As crushing as the moment was at the time, even Dodgers fans had to have a laugh at Gavin Lux‘s bewildered reaction to what he thought was a game-tying ninth-inning homer ending up just feet short on the warning track.
It’s still funny, but some recent news has made me wonder — even aside from it being a barrel — if Lux was right that the ball should’ve sailed out.
A few days ago, Bradford William Davis dropped an article featuring research from Dr. Meredith Wills, which showed that MLB used two different baseballs in 2021, something the league then admitted.
According to a new study by Meredith Wills, a Society for American Baseball Research award-winning astrophysicist, the league used two distinct types of baseballs — one lighter and deader than the other — during the 2021 season. By dissecting and carefully measuring hundreds of balls used in 15 major-league parks, Wills found that the league did indeed introduce a new ball with a lighter center, as it pledged to do in the February memo. But she also found that MLB continued to use the older, heavier-center ball at the same time, apparently without telling fans, clubs, or players.
In a statement, MLB confirmed Wills’ findings: It did indeed use two different balls last season. “Every baseball used in a 2021 MLB game, without exception, met existing specifications and performed as expected,” the league said. But after approving the shift to the new “re-centered” ball for 2021, it said, COVID-19 forced Rawlings to backtrack and use older balls to cover for production delays.
It’s an insightful article that you should read to understand all the potential implications of this, but it also setup nicely for a shitpost from me to Gavin about his reaction.
And it was just a joke, but then Derek Albin of Views From 314 Feet wrote about the potential impact the different balls may have had on individual teams. It’s a Yankees blog so he focused on the Yankees, finding that at home they seemed to play with a higher proportion of deadened balls, which impacted the distance batted balls travelled.
One individual ended up doing the home and away comparisons for all the teams, and found that the Dodgers were one of those also seemingly adversely impacted.
I did this same chart for all MLB teams: pic.twitter.com/TWyJgdw9Ig— Tomorrow's Baseball Today (@TBT_MLB) December 2, 2021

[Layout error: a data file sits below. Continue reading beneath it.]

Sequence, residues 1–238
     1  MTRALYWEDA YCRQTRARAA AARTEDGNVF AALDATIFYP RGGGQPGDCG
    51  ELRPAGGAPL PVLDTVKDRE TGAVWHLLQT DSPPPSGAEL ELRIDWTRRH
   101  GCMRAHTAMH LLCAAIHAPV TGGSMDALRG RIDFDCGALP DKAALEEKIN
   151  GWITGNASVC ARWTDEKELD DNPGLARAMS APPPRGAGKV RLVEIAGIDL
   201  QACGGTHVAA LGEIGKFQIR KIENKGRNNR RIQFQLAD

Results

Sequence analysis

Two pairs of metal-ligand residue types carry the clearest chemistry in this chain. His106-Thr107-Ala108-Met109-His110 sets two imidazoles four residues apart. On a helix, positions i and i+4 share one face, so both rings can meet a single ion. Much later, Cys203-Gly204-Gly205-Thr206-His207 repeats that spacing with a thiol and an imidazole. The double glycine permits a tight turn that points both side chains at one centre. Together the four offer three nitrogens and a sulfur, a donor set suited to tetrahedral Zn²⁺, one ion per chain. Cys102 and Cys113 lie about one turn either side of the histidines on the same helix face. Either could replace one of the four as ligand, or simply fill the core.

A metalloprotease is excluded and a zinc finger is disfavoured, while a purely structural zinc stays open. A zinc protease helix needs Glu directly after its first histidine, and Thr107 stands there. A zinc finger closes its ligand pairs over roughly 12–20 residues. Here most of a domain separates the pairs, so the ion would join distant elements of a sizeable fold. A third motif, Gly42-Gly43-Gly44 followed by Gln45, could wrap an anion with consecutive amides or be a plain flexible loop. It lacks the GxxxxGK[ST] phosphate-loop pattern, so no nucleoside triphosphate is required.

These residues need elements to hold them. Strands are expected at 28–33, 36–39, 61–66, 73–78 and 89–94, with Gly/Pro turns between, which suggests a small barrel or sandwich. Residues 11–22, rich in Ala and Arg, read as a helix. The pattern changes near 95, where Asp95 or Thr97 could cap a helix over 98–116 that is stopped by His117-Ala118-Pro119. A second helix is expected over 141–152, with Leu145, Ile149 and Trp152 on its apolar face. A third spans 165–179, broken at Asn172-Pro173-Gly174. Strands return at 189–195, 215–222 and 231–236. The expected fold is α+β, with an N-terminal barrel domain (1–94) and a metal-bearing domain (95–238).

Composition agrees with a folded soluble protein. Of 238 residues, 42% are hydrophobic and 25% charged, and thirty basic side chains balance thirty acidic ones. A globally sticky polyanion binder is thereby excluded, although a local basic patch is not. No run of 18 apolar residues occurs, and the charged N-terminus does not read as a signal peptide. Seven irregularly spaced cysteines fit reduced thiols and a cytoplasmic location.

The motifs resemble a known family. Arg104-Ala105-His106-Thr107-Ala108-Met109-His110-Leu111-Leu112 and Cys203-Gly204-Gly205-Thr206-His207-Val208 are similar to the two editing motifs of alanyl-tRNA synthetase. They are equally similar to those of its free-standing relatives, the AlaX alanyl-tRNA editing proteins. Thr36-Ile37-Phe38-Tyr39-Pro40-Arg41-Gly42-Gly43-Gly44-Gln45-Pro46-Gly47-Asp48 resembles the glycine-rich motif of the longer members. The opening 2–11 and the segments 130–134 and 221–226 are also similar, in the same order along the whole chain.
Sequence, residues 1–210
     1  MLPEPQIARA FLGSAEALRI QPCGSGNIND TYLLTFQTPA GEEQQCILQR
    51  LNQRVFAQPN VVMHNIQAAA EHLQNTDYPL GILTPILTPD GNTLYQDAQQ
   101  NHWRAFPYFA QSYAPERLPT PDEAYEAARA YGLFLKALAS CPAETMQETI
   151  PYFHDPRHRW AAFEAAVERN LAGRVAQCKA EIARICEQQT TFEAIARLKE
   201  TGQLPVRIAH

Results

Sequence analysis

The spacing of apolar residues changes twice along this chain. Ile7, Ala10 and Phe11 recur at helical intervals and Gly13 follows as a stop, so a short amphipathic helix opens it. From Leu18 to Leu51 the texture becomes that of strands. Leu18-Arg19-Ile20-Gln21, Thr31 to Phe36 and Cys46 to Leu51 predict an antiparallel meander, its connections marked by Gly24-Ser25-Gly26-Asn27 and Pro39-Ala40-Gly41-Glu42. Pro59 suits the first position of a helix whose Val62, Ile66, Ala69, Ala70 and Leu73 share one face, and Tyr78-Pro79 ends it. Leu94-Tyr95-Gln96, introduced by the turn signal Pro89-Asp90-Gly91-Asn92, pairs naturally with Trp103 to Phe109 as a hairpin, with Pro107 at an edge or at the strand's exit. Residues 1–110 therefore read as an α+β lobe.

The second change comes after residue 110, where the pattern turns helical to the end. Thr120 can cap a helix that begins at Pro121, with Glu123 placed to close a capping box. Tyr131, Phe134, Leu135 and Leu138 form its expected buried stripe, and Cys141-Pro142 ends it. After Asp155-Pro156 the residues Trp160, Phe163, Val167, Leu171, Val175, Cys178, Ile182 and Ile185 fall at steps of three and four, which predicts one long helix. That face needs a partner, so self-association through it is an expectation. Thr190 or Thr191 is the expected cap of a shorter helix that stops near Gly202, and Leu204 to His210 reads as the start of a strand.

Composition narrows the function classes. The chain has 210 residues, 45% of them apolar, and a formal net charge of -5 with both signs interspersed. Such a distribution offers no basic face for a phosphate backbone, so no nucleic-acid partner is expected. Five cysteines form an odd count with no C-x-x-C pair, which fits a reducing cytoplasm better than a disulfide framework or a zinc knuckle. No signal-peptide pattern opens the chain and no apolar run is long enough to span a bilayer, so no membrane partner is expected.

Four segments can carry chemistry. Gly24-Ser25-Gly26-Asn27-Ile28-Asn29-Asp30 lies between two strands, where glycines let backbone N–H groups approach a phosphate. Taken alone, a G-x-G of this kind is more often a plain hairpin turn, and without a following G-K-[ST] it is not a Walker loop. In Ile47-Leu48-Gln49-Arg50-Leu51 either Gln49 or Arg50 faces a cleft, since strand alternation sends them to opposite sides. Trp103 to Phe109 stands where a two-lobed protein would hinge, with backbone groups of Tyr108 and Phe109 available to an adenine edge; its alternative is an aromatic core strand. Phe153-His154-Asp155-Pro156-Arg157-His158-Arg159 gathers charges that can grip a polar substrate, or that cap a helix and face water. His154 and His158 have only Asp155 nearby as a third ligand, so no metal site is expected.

part 2: pic.twitter.com/Kj8GohXjga— Tomorrow's Baseball Today (@TBT_MLB) December 2, 2021
Seemingly live balls at home: ARI, ATL, TEX— Tomorrow's Baseball Today (@TBT_MLB) December 2, 2021
Seemingly dead balls at home: DET, LAD, NYY
Now there are a bunch of problems with taking all this as conclusive, some of which the article itself addresses.
Now, it’s important to caveat that the data I pulled is from the entire season, meaning that it includes data before and after the foreign substance crackdown. Sticky stuff does impact drag, which can make for an inconsistent environment in the data I grabbed. Plus, weather plays a role, further complicating environments as no single day is the same as another. I obviously don’t have access to every single baseball used at Yankee Stadium, either.
Additionally, and most importantly, it’s entirely possible that teams simply hit balls harder and with better launch angles on the road than at home. And for the Dodgers, the barrels data is likely impacted by playing at Coors Field to some extent (even though they also play at a lot of pitchers’ parks as well), with 13% of the barrels taking place there.
That said, there are things that make you wonder about the impact of the balls when one goes through the data. Like this Max Muncy homer exited at 107.7 mph at a 27 degree launch angle off a 96 mph J.B. Bukauskas fastball and went 403 feet in 88 degree weather with seven mph winds blowing out to center.
Then this Muncy homer exited at 107.1 mph at a 27 degree launch angle off a 79 mph Sam Selman slider and went 433 feet in 58 degree weather with 14 mph winds blowing out to center.
So a ball hit softer off a pitch thrown much softer (every mph increase from the pitch in equals about a foot of distance) went 30 feet further in colder weather with a minimal wind advantage. I’m sure there are explanations that narrow the gap, but seeing stuff like this does raise questions for me, and that’s a problem for MLB.
Don’t get me wrong here, I’m not saying that anything was unfair to any specific team or that the league did this maliciously, because the evidence I’ve seen doesn’t support this. All I’m saying is that it’s yet another thing that fans have to wonder about other than actual baseball games, as the league certainly doesn’t deserve the benefit of the doubt at this point. Did they give more of a certain baseball to one team? One region? Did they mix and match baseballs within one game? One series? How many games might this have impacted? And so on and so forth. All valid inquiries.
Basically, a moment like Gavin Lux’s non-homer should be a bewildering and amusing “that’s baseball” thing, where sometimes things just don’t go your way and we laugh at the absurdity of the sport. And we still can, but due to the lack of transparency from MLB on things as fundamental as the baseballs they play with, there always seems to be a necessary caveat to moments nowadays, where fans have to be wondering if a player was robbed of the best moment of their career and was instead turned into a meme all because they happened to hit a deader baseball rather than a livelier one.